How to Pick a Niche as a Freelance Proofreader or Editor
In this blog post, we’ll answer these questions and help you find the right niche for you.
What’s a Niche in Proofreading and Editing?
When we talk about niches in the context of proofreading and editing, we refer to an area of specialization or a certain aspect of editing that you focus on. This could involve:
- Specializing in a format like poetry, essays, or novels.
- Specializing in a genre or subject like historical fiction, medical literature, or travel writing.
- Specializing in a service like developmental editing, line editing, or proofreading.
You might even choose to specialize in a combination of all three points, for example, as a developmental editor who focuses on fantasy novel manuscripts.
Why Pick a Niche?
Even though there can be some drawbacks to focusing on a specific niche, the pros usually outweigh the cons.
Specializing as a proofreader or editor can:
- Increase your chances of finding work.
- Help clients find and refer you.
- Establish you as an expert in a subject.
- Let you avoid subjects you don’t enjoy.
How to Choose a Niche
1. Do Your Research
Before you choose a niche, make sure you understand what editing a genre or format will involve.
You should look into:
- Whether any training or qualifications are required, as is sometimes the case with academic and medical editing.
- Which services are more in demand. Some niches are more specific than others, which means that while the potential client base may be smaller, there are likely fewer editors who specialize in this niche.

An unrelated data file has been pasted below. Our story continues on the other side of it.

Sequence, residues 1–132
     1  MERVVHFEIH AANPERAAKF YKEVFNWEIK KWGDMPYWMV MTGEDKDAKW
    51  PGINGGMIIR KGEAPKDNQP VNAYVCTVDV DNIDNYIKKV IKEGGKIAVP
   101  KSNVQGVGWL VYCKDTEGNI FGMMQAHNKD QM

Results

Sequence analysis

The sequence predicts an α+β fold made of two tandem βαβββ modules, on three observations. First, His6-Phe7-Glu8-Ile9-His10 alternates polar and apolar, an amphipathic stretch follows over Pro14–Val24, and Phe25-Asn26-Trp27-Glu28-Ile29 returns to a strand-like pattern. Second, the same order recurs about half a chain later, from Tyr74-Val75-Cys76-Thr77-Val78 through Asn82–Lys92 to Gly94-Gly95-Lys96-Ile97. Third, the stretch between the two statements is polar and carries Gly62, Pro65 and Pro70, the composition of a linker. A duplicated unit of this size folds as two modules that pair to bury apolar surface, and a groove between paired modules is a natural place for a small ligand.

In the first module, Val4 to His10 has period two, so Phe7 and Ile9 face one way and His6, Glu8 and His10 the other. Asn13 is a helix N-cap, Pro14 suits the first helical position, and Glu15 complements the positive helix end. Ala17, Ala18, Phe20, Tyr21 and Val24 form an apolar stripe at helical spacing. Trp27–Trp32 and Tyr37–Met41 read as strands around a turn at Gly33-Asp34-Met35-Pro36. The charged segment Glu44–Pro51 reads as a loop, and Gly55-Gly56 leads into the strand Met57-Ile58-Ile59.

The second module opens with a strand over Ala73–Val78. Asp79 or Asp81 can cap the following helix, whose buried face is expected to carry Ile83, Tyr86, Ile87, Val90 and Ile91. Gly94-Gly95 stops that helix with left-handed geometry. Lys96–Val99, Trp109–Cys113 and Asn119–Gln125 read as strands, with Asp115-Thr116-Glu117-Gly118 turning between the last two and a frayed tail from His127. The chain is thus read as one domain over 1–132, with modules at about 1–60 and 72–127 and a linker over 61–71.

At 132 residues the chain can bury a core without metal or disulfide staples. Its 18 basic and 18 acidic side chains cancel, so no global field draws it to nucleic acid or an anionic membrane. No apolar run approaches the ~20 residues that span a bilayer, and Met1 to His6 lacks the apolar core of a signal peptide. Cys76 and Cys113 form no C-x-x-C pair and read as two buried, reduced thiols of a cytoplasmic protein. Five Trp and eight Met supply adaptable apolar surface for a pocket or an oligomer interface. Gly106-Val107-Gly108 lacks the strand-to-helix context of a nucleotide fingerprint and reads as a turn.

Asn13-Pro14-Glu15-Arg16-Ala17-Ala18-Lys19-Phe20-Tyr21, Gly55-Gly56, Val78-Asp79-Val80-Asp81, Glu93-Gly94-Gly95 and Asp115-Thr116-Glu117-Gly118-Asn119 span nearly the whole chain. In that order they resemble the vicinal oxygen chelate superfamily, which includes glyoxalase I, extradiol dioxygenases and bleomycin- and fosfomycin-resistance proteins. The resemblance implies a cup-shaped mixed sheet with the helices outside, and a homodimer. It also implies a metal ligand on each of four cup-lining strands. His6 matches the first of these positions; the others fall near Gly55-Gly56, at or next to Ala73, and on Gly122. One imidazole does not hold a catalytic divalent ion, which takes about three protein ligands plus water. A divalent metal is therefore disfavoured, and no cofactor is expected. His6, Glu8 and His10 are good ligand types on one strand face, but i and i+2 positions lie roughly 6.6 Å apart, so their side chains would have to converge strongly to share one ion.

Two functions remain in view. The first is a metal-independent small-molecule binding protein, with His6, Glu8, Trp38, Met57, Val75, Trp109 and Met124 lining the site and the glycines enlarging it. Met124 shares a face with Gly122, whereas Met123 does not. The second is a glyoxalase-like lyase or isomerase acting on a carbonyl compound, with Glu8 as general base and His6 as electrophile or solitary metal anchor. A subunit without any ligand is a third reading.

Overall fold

- What editors who specialize in certain niches offer. If you’re considering editing romance novels, for example, research other romance editors to see the services they provide and what experience they have behind them.
Knowing what to expect from a particular niche will help you decide if it’s the right fit for you.
2. Consider Your Skills and Experience
A big part of choosing a niche is identifying the skills and experience you already have.
Think about any work experience, technical skills, or qualifications that you have that would help you specialize in a particular area.
For example, a degree in biology could mean you’d be well-suited to proofreading scientific journals. Similarly, having experience as a travel agent would put you in a good position to edit travel writing.
And if you already have experience as an editor, think about which projects you found easiest or received the best feedback on. This can help you identify your editing strengths, which in turn will help you pin down your niche.
3. Keep Your Hobbies in Mind
Choosing a niche isn’t just about the type of editing you can do; you should also consider the type of work you’d enjoy doing, and part of this involves thinking about your hobbies and interests outside of work.
Of course, it should come as no surprise that having a passion for reading can help you choose a niche. If you’re an avid science-fiction fan, for example, your familiarity with the genre and its conventions puts you in a good position to specialize as a sci-fi editor.
It’s not just reading- and writing-related interests that can help you specialize, though. For each of your personal interests, be they bird watching or skateboarding, ask yourself:
- Has it given me specialist knowledge?
- Is it a subject people write about?
- Is it something I’d enjoy reading about and editing regularly?
If the answer to these questions is “yes,” you may have found your new niche!
Finally, if you can’t decide on a single niche, try picking two or three that you’d like to focus on. So, you can get most of the benefits of specialization without limiting your potential client base too much.
Becoming A Proofreader or Editor
With modules in academic, creative, and business writing, our courses can help you choose which area of editing you want to specialize in as a new freelancer.
For comprehensive training in all aspects of proofreading and editing, get our Becoming A Proofreader and Becoming An Editor course bundle. You’ll even save 15% off the price of both courses!
And if you’re not sure if proofreading or editing are right for you, you can give each course a try by signing up for a free trial.